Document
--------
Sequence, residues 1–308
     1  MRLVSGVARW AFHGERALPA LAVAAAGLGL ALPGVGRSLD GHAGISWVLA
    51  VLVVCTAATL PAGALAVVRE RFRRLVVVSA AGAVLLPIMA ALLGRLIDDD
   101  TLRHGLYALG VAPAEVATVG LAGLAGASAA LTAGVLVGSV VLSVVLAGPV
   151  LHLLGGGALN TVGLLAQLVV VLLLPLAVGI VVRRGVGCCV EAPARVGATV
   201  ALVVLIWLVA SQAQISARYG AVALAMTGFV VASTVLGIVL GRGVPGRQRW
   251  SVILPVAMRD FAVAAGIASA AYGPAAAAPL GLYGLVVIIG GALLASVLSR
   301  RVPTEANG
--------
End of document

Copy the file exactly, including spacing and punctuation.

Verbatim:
Sequence, residues 1–308
     1  MRLVSGVARW AFHGERALPA LAVAAAGLGL ALPGVGRSLD GHAGISWVLA
    51  VLVVCTAATL PAGALAVVRE RFRRLVVVSA AGAVLLPIMA ALLGRLIDDD
   101  TLRHGLYALG VAPAEVATVG LAGLAGASAA LTAGVLVGSV VLSVVLAGPV
   151  LHLLGGGALN TVGLLAQLVV VLLLPLAVGI VVRRGVGCCV EAPARVGATV
   201  ALVVLIWLVA SQAQISARYG AVALAMTGFV VASTVLGIVL GRGVPGRQRW
   251  SVILPVAMRD FAVAAGIASA AYGPAAAAPL GLYGLVVIIG GALLASVLSR
   301  RVPTEANG